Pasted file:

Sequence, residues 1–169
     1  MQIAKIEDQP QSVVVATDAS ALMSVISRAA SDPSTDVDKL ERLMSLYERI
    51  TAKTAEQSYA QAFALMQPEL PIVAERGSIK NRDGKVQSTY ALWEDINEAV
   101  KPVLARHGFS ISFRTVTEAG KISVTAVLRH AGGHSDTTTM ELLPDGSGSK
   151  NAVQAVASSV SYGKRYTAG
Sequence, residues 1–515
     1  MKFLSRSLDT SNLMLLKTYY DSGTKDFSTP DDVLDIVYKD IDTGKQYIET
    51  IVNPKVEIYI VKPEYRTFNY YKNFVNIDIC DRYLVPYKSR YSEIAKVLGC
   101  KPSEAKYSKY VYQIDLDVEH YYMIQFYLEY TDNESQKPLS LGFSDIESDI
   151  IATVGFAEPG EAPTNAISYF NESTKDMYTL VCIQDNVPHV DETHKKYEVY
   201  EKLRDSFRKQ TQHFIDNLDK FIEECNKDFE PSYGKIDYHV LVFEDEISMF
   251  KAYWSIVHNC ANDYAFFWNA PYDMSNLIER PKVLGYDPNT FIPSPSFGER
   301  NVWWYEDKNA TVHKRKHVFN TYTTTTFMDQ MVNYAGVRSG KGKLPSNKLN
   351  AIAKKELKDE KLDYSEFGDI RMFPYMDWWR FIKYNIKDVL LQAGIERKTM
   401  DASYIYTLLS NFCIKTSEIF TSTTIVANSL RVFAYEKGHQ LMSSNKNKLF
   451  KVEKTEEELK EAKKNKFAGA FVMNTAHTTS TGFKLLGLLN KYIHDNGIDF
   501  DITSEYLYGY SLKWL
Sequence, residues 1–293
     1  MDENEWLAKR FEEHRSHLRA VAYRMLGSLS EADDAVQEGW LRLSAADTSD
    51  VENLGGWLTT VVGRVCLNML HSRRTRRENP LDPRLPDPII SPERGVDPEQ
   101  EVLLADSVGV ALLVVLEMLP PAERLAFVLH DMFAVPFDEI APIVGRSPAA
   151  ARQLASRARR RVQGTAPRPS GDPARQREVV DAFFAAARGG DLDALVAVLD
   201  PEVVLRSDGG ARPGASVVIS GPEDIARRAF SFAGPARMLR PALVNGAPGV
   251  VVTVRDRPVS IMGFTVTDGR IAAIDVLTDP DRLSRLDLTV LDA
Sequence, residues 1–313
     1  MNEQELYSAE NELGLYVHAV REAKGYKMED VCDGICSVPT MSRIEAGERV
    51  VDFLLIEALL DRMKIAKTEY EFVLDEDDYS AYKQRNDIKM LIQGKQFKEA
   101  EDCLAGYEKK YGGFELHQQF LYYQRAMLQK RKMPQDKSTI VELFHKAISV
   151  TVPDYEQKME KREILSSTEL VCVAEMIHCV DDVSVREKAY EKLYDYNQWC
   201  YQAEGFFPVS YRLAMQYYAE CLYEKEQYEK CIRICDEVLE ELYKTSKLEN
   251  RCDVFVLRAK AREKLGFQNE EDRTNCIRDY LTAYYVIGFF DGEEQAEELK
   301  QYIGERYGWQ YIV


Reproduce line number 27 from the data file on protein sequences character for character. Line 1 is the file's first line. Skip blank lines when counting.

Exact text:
    51  VDFLLIEALL DRMKIAKTEY EFVLDEDDYS AYKQRNDIKM LIQGKQFKEA